One of the aspects of this year’s E3 (Electronic Entertainment Expo) that caught the attention of most of the people covering the event was that no new gaming consoles or major hardware were on display. While many gamers were disappointed at this, perhaps this is a sign of the times. After all, many industry experts have noted that the future of gaming is probably in cloud computing and, in a world of cloud-based gaming, hardware on the client side is irrelevant.
Particularly in Japan, Sony’s purchase of Gaikai, a pioneer of cloud gaming infrastructure and technology, makes it likely that Sony will soon be able to offer high-quality streaming games to PlayStation owners. Perhaps the PlayStation 4 will no longer require actual game discs and will stream all of its games? One of the great things about device virtualization is that it is easy to envision a future where gamers can receive their games on any device, from tablet PCs and smartphones to many modern TV devices. In fact, cloud computing may be used to prolong the lives of current consoles considerably since client-side processing is not nearly as demanding with cloud gaming due to the fact that cloud gaming is a basic Hardware as a Service (HaaS) operation. We can already see this happening in Japan and other countries with a high average connection speed, although we are still a few years away from gamers being able to stream blockbuster games with high system requirements at ideal speeds and quality.
Cloud Gaming Allows Gaming Companies to Offer Better Backwards Compatibility
One of the most promising uses of cloud computing and streaming for gaming companies is bringing backwards compatibility to their newer systems and consoles. Many factors, such as the fact that many older games are freely available due to software piracy or that releasing them again on physical media is prohibitively expensive, make backwards compatibility impractical for many gaming companies. However, not allowing gamers to access these older games means not tapping into an available market and having this wealth of older games lying around is a considerable waste of potential. Fortunately, the fact that these older games do not have heavy system requirements makes them ideal for streaming. By placing them on the cloud and establishing a payment model per transaction, Sony, Nintendo, and other gaming companies could conceivably make their whole back catalog available for streaming.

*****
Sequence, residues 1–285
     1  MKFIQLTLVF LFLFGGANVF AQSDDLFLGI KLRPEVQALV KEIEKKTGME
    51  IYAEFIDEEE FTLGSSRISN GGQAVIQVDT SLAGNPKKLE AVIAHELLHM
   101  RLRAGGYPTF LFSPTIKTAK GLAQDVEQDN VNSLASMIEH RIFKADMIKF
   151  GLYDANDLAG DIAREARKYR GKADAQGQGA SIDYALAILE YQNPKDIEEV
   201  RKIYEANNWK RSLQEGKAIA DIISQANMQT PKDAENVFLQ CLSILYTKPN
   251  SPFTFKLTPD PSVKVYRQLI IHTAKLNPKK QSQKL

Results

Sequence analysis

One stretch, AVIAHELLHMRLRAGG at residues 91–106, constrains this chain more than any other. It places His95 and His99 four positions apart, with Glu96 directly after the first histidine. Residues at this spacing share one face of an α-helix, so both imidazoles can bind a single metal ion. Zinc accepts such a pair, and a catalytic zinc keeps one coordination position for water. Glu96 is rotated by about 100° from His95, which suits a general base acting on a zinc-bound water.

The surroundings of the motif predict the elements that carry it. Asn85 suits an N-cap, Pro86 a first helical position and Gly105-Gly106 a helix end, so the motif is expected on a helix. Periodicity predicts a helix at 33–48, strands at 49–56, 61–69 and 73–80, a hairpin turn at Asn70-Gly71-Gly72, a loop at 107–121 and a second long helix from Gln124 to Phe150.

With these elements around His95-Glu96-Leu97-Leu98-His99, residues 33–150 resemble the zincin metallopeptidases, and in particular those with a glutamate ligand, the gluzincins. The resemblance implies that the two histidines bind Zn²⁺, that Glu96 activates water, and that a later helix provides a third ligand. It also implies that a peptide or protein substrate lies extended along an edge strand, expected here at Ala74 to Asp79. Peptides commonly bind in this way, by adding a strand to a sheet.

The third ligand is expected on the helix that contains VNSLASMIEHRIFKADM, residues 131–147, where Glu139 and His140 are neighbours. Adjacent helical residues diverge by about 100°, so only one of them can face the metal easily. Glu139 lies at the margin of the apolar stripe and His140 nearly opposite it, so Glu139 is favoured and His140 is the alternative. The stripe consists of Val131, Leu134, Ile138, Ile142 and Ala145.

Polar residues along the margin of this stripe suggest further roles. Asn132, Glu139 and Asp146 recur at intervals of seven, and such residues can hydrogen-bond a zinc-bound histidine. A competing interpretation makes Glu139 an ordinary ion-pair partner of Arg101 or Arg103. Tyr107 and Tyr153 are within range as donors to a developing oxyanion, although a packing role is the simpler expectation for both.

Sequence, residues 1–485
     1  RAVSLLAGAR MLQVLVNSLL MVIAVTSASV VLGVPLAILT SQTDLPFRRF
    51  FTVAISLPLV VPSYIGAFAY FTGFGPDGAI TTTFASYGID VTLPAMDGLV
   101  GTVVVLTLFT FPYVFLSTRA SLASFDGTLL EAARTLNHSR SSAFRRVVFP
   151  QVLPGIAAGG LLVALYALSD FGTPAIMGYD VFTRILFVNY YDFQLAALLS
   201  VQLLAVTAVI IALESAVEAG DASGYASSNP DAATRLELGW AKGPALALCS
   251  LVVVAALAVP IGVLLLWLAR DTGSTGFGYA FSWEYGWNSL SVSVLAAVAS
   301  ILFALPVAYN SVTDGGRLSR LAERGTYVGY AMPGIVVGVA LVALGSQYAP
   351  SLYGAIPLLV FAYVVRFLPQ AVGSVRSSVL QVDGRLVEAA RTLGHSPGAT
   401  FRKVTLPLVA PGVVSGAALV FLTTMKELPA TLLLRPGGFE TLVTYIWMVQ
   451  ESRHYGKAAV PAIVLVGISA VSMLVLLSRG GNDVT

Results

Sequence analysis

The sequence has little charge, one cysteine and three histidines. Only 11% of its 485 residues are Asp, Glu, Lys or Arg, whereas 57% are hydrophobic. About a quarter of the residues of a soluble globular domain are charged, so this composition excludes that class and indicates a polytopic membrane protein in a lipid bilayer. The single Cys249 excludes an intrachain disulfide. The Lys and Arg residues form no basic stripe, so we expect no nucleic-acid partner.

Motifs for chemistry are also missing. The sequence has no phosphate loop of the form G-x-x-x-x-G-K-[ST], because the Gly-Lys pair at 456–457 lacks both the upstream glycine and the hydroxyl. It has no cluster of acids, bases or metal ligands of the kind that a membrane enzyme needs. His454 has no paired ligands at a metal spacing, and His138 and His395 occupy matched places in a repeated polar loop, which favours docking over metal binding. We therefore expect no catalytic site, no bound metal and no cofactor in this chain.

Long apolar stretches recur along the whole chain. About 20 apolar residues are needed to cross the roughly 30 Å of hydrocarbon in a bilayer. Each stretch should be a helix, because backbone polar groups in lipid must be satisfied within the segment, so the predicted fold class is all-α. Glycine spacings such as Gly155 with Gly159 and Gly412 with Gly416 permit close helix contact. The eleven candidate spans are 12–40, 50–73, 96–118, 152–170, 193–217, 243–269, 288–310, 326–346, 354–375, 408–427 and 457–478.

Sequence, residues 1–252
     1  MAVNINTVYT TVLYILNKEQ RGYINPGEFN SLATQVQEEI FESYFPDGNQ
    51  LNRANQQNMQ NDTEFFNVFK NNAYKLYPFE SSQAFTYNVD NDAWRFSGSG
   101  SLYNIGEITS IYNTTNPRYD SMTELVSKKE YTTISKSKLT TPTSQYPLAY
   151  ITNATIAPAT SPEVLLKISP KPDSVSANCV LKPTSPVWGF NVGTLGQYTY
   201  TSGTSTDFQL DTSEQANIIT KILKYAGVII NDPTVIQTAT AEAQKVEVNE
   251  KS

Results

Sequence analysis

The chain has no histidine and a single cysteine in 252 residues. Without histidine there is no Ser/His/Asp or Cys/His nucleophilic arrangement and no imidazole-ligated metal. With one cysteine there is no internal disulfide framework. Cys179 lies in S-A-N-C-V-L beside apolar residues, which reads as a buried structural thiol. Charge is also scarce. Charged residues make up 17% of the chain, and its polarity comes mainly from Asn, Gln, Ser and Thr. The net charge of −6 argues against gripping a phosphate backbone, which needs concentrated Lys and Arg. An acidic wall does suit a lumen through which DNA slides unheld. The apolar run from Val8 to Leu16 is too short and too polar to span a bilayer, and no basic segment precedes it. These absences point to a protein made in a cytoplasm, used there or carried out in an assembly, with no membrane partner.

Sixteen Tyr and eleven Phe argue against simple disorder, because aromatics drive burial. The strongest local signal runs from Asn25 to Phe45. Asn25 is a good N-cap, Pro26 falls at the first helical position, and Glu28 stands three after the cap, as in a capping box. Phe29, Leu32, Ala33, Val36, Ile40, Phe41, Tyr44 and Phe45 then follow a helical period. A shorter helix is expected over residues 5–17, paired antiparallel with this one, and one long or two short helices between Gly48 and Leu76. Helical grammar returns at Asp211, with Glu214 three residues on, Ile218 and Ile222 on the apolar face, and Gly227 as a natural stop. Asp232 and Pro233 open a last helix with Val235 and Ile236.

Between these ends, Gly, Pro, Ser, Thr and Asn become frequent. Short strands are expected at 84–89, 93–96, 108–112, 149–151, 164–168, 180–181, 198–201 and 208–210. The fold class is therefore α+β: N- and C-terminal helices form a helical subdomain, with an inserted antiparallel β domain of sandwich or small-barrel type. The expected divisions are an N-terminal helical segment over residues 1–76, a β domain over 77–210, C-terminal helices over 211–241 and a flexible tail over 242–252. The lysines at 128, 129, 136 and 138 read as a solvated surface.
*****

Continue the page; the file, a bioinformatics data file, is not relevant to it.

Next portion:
Cloud Gaming Solves Many of the Industry’s Most Important Problems
Since its beginnings, the gaming industry has been at the mercy of retailers and distributors. After all, no matter how good your game is, if it does not hit the store shelves it will probably not make any money. It is very common for developers to have to make numerous concessions, in everything from pricing to content. However, cloud gaming enables a new model that places less power in the hands of the middleman and gives more freedom to developers. Not having to manufacture physical media will also allow greater profits while giving companies the freedom to reduce the price of their games substantially. However, the most obvious and attractive feature of cloud gaming is how it solves the problems of software piracy and the pre-owned market.
Companies spend millions of dollars every year implementing expensive DRM which ultimately prove ineffective while also alienating loyal customers. Within a couple of weeks, almost all games are pirated and available for free on peer-to-peer file sharing networks, despite the efforts of gaming companies. However, with a streaming gaming model, the actual games’ code will not be available to be pirated at all and thanks to the fact that the actual games are not on the clients’ side, it effectively neuters the second-hand market.
Cloud Gaming’s Availability
Unfortunately, due to bandwidth caps and low connection speeds and availability in many countries, effective high-end cloud gaming is probably a few years away from being a worldwide phenomenon. However, there is no doubt that countries such as Japan or South Korea, where the infrastructure already exists, are ready to adopt this technology now. And, as seen at E3 and in recent news, it seems that the major gaming companies are betting on the cloud as the future of PC gaming.
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About the Guest Author:
Nida Rasheed is a freelance writer and owner of an outsourcing company, Nida often finds herself wanting to write about the subjects that are closest to her heart. She lives in Islamabad, Pakistan and can be found on Twitter @nidarasheed.